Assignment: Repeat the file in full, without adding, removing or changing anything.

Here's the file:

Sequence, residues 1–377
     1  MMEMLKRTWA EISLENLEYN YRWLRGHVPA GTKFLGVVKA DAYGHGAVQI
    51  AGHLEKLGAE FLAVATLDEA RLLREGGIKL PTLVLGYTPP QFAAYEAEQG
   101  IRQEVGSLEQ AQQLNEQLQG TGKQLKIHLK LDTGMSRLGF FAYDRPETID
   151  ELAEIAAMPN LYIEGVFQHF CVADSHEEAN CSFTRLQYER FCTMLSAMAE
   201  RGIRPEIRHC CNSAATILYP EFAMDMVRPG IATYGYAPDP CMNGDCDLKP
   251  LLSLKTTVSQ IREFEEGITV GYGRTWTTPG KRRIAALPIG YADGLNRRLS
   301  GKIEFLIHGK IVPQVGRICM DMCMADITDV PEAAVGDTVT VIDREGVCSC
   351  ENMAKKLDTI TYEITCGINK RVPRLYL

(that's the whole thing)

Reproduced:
Sequence, residues 1–377
     1  MMEMLKRTWA EISLENLEYN YRWLRGHVPA GTKFLGVVKA DAYGHGAVQI
    51  AGHLEKLGAE FLAVATLDEA RLLREGGIKL PTLVLGYTPP QFAAYEAEQG
   101  IRQEVGSLEQ AQQLNEQLQG TGKQLKIHLK LDTGMSRLGF FAYDRPETID
   151  ELAEIAAMPN LYIEGVFQHF CVADSHEEAN CSFTRLQYER FCTMLSAMAE
   201  RGIRPEIRHC CNSAATILYP EFAMDMVRPG IATYGYAPDP CMNGDCDLKP
   251  LLSLKTTVSQ IREFEEGITV GYGRTWTTPG KRRIAALPIG YADGLNRRLS
   301  GKIEFLIHGK IVPQVGRICM DMCMADITDV PEAAVGDTVT VIDREGVCSC
   351  ENMAKKLDTI TYEITCGINK RVPRLYL